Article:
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Rabada’s speedy pitch report – cricket

“If anything, you want to adjust to the fuller side because the wickets are slow and can sit up. To start off, you have to hit your normal 6-7m length,” said Kagiso Rabada, offering a keen insight into bowling at this IPL. “And then in the backend, depending on the wickets slowing down or whether there is dew; you have to make the adjustments.”

Very few fast bowlers know UAE pitches as well as Rabada. It was in Dubai, six years ago, that he took a match-winning 6/25 against Australia in the semi-finals of the U-19 World Cup.

That class of 2014 holds a special place in the annals of South African cricket. It gave them the first world title since the 1998 ICC Knockout Trophy in Bangladesh. It also gave the world its first glimpse of Rabada, a tall, natural athlete with all the ingredients to become a successful fast bowler.

More than five years down the line, he is well and truly on course. At 22, he was the youngest ever to be ranked as the No.1 bowler in ICC’s Test ranking; at 25, he is already South Africa’s pace spearhead across all formats. Last week, he became the quickest bowler to 50 wickets in the IPL (27 matches) and he now leads the wicket takers list.

Add to that his chokehold on the Super Over—nine balls, nine runs and three wickets at this IPL and you can be forgiven for believing that Rabada can single-handedly put an end to Delhi Capitals’ 12-season barren run.

“With help from my bowling?” Rabada seemed far from flattered during a press interaction before Delhi Capitals’ match against Kolkata Knight Riders. “I think it has to be a team collective. We have had seven different Man-of-the-Matches, so we have match-winners galore. It just so happens I have the purple cap. That’s it.”

The tall fast bowler knows how to keep his feet grounded, having struggled through the hype that came right after their U-19 World Cup triumph. He went on to play for the Proteas within nine months but had to deal with murmurs of fast-tracking after his first four T20Is yielded only four wickets and an economy of nine per over.

The joy of taking 6/16 in his first ODI—the best ever by a bowler on debut—against Bangladesh and sharing the top wicket-takers’ position with Dale Steyn in a 3-2 ODI series win in India too proved short lived.

India dismantled South Africa on dustbowls in the ensuing Test series. Two wickets in his first three Tests and Rabada quickly realised international cricket was a long grind.

Thrust into the lead as Steyn, Morne Morkel and Vernon Philander started getting injured one after another, Rabada tried to hold up one end as well as he could. A match haul of 13/144 at Centurion after losing the home series to England on return from India was the only silver lining in an otherwise grim 2015-16 season.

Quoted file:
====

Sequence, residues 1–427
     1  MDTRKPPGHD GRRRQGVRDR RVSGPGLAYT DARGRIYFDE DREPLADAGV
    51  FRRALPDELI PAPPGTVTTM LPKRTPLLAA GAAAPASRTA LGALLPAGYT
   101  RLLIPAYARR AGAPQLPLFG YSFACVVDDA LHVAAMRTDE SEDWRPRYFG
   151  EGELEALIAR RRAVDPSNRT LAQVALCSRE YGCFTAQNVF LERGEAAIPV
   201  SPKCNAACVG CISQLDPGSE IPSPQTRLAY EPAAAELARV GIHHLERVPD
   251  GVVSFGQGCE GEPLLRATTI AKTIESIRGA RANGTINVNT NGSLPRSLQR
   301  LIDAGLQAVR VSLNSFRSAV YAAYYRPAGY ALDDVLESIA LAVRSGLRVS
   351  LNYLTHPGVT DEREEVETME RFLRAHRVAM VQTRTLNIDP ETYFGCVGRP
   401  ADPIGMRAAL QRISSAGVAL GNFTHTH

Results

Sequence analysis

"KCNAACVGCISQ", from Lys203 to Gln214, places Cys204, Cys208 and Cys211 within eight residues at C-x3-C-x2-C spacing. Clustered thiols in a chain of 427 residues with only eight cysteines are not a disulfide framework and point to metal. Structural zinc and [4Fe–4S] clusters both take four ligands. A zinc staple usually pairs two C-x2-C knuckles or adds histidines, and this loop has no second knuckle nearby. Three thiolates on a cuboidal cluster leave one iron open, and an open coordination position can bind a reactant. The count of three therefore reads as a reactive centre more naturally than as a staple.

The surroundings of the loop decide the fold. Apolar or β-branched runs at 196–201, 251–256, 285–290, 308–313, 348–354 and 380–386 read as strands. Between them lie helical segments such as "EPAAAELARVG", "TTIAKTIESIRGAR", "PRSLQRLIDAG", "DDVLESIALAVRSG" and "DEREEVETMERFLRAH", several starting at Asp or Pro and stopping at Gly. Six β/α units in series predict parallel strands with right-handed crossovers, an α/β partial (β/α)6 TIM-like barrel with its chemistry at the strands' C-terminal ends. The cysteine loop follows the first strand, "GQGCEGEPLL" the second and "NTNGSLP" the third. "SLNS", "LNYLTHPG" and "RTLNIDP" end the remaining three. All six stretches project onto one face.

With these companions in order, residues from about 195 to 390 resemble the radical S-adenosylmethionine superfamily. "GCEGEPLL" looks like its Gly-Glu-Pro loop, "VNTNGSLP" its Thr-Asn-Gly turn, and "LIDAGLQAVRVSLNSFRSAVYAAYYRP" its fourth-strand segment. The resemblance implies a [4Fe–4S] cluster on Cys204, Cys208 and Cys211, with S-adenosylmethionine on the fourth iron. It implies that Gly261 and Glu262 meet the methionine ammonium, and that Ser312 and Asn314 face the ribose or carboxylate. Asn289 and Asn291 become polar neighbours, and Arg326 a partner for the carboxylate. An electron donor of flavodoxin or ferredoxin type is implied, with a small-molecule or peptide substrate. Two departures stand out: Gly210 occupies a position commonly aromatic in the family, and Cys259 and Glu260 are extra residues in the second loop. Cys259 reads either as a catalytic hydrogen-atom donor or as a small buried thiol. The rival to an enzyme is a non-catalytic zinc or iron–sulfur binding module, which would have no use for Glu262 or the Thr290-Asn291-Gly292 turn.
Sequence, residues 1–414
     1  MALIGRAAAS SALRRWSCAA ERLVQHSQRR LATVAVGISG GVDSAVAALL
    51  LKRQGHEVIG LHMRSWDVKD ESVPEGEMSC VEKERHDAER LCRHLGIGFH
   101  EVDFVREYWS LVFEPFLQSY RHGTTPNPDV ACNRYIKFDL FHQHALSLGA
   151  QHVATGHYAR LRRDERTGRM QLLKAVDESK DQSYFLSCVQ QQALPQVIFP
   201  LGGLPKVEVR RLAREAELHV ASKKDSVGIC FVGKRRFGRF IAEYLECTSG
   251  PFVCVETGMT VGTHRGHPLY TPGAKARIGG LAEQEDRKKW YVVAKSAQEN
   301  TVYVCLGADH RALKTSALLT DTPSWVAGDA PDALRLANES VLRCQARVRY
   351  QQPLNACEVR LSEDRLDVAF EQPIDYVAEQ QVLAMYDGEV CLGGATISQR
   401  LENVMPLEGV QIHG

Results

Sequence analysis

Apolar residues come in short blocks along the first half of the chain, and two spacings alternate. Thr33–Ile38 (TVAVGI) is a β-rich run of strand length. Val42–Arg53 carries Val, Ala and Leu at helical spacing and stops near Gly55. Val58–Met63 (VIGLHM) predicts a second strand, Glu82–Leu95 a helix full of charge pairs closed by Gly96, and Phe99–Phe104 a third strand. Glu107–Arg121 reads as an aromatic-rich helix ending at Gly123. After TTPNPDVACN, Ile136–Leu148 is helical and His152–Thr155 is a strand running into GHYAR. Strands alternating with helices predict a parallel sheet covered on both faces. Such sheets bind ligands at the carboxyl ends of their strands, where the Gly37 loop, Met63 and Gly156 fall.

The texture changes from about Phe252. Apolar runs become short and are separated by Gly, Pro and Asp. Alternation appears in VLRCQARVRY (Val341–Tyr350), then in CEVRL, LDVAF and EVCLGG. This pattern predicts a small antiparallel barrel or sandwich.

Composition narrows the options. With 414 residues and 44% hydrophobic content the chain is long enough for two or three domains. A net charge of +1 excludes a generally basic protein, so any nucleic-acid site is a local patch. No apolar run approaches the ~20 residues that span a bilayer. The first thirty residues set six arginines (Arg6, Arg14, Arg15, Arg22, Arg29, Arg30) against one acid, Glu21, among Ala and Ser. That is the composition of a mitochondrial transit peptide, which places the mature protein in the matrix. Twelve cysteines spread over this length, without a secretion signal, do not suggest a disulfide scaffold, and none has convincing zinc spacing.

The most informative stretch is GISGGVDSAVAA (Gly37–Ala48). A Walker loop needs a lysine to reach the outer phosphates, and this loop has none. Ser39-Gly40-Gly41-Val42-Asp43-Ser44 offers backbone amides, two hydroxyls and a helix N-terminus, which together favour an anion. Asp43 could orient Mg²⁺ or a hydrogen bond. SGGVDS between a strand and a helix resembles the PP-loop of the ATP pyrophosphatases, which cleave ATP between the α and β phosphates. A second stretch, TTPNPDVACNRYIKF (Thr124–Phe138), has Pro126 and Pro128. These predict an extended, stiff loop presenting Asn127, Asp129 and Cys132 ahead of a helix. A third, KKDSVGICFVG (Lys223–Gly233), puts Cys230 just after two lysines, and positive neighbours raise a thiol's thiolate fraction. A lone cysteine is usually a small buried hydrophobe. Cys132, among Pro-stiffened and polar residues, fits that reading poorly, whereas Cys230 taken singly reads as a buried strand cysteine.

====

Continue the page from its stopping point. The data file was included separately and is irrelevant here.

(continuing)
It was a turbulent time for South African cricket. They had just lost the World Cup semi-final, AB de Villiers wasn’t sure about his position and controversies over the players’ quota system kept recurring.

Through it all, Rabada kept grooming himself for his rightful place; with Philander retiring and Morkel choosing a Kolpak deal with Surrey, Rabada became the natural leader of South Africa’s fast bowling pack in 2018.

Consistently clocking in at more than 150kph, Rabada started adding more variation to his bowling in the shorter formats—cutters, slower deliveries and yorkers, especially wide of the batsmen. This ability to employ a deadly cocktail of deliveries has now become his signature. A great example is this IPL’s Super Over against Kings XI Punjab where he bowled a full-length delivery that swung in, followed by a quick bouncer, followed by a full delivery fired at the off-stump.

Two wickets from those three deliveries and the match was as good as won.

“I don’t plan to win, but instead I plan to execute to win, and I think I managed to do that well in the Super Over,” Rabada said after that match.

In the country where he first announced his arrival, Rabada is making everything count for him.

“The conditions have been quite tricky because we’re playing at the same venues,” he said. “But you know, you play on fresh wickets at certain times and sometimes on used wickets and they all play quite differently. I mean, Sharjah in the beginning was really flat and then it sort of slowed down and the par score went from about 210 to about 180.”

He pointed out that although UAE wickets are slow compared to India, “they are a different kind of slow”. “And then, in Dubai, the scores at the beginning were about 180 and they’ve sort of stayed the same. So now you’re getting scores of 170, 160. But it is a little bit different. I feel that there is some seam movement sometimes,” he said.

It is apparent not just from his performances in all formats of the game but also from the way he speaks that South Africa’s bowling leader has absorbed lesson’s worth a lifetime from his six years in international cricket.

“It’s about realising what works for you and also summing up conditions and bowling according to the conditions,” he said. “Also, trusting your strengths and using your strengths and seeing how your strengths can go with the conditions. And then, it’s just about push and pull, push and pull.”

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